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World Wildlife Day: A Prospective Grandmother’s Hope

March 3rd, 2024

by Ewura Larbi

I remember being as tall as a short five-year-old Ghanaian girl could be, excitement bubbling within and radiating from my petite frame as I entered the Accra Zoo, my tiny hand engulfed by my father’s larger one.

Had I been an elephant, 90 per cent of my memories from that day wouldn’t have faded, but I cannot forget the sly — I would later learn in the University that animal behaviour is not to be described with human-behaviour related words — chimpanzee who pretended to be demure, only to snatch digestive biscuits and other sweet snacks from patrons who ventured near her cage, even little children like me! Much worse, was her jealous male partner who was famous for hurling his own excreta at patrons who came close to his ‘wife’.  Nor could I forget the lessons from my parents and teachers as well as the tour guides about the dangers of getting close to wildlife without supervision. But I have always been fearless and intrigued rather than scared of animals and I will forever cherish memories of that precursory encounter with wildlife.

Wildlife is simply undomesticated animals; those that aren’t kept as pets by humans, but freely exist outdoors (the wild). Delving into the nuances, wildlife has evolved to encompass other life forms including plants that grow or exist freely without human introduction. By inference, all life was wild, prior to human existence. This exhibits the profound influence we have on wildlife.

Globally, there has been a steady decline in wildlife populations since 1970. Fortunately, some efforts have been made to salvage our vital biodiversity through advocacy, protected areas, and invested human resources. The celebration of World Wildlife Day on March 3, is a classic example. However, there will always be more avenues for conservation, as human populations increase at unprecedented levels at the risk of wildlife destruction.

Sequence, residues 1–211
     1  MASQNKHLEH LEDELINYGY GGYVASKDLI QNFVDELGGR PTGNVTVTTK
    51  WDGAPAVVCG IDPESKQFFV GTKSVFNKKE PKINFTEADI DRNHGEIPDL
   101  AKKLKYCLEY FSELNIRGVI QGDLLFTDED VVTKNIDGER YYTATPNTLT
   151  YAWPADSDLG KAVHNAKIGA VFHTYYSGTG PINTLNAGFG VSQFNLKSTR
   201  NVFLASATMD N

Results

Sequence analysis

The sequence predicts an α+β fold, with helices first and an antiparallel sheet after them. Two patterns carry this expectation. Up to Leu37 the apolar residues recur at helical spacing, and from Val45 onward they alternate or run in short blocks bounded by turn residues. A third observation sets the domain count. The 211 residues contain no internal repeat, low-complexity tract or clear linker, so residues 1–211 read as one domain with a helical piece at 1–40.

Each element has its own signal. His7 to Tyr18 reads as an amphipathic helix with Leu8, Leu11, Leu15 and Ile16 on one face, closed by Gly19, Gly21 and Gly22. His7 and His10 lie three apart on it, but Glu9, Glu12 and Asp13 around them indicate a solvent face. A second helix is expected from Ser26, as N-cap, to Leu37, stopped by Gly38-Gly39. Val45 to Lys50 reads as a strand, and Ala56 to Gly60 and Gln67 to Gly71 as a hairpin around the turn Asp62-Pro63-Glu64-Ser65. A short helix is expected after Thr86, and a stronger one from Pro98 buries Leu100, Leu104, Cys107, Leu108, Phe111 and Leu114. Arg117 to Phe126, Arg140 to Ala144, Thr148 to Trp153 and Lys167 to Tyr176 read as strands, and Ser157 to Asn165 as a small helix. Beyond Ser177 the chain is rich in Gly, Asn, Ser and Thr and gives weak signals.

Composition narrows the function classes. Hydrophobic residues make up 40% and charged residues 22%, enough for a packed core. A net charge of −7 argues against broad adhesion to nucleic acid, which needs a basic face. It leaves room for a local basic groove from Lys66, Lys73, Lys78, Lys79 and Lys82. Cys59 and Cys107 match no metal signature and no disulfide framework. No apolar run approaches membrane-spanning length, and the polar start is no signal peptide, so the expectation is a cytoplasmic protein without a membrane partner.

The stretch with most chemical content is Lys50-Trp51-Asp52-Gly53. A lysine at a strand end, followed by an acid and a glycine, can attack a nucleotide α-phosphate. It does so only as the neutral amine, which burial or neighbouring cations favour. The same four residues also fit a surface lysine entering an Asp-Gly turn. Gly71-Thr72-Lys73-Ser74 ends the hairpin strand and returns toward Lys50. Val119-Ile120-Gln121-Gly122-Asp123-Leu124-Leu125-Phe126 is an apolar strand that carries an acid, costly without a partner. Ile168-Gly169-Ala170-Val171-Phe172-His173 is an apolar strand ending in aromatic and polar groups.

Reverting to story, the next meet-and-greet with wildlife was a visit to Ghana’s Kumasi zoo in my teenage years, after the animals from the Accra zoo had been relocated there. Apart from the Lion King, it was my first time seeing a hyena. Let me tell you, their laughter was more acidic than in the animation and this combined with their sheer size would have made the older King Simba quake in his paws. That was an exhilarating experience and I have gone on to visit the renovated Accra Zoo in the Achimota Forest, and the Shai Hills Resource Reserve in later years.

Research, my experiences and those of friends and family allude to the fact that Ghana is rich in biodiversity and wildlife, with numerous tourist sites, reserves and national parks that host some of the most fascinating creatures. In addition, the patronage contributes immensely to the national economy. However, a look at many of these wildlife-focused tourist sites shows poor maintenance, which is a major deterrent to visitation. On the other hand, poor patronage of our wildlife sites, means measly funds for rehabilitation projects. There is a play of interdependence here which we must recognize. And this is just one facet of the wildlife conservation endeavour.